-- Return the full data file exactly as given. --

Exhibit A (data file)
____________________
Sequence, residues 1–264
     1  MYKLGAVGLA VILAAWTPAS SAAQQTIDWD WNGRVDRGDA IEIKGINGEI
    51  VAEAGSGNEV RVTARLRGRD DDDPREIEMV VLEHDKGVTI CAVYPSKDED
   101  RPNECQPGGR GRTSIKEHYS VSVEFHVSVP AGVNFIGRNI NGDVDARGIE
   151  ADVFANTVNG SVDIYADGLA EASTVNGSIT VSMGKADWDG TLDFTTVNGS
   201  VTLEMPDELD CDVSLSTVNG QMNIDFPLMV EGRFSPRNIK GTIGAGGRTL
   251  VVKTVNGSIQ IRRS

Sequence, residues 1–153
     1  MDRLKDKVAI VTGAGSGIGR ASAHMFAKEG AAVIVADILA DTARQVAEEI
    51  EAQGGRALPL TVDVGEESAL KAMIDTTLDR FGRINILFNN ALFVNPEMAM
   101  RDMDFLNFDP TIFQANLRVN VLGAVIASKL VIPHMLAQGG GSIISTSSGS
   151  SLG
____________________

Sequence, residues 1–264
     1  MYKLGAVGLA VILAAWTPAS SAAQQTIDWD WNGRVDRGDA IEIKGINGEI
    51  VAEAGSGNEV RVTARLRGRD DDDPREIEMV VLEHDKGVTI CAVYPSKDED
   101  RPNECQPGGR GRTSIKEHYS VSVEFHVSVP AGVNFIGRNI NGDVDARGIE
   151  ADVFANTVNG SVDIYADGLA EASTVNGSIT VSMGKADWDG TLDFTTVNGS
   201  VTLEMPDELD CDVSLSTVNG QMNIDFPLMV EGRFSPRNIK GTIGAGGRTL
   251  VVKTVNGSIQ IRRS

Sequence, residues 1–153
     1  MDRLKDKVAI VTGAGSGIGR ASAHMFAKEG AAVIVADILA DTARQVAEEI
    51  EAQGGRALPL TVDVGEESAL KAMIDTTLDR FGRINILFNN ALFVNPEMAM
   101  RDMDFLNFDP TIFQANLRVN VLGAVIASKL VIPHMLAQGG GSIISTSSGS
   151  SLG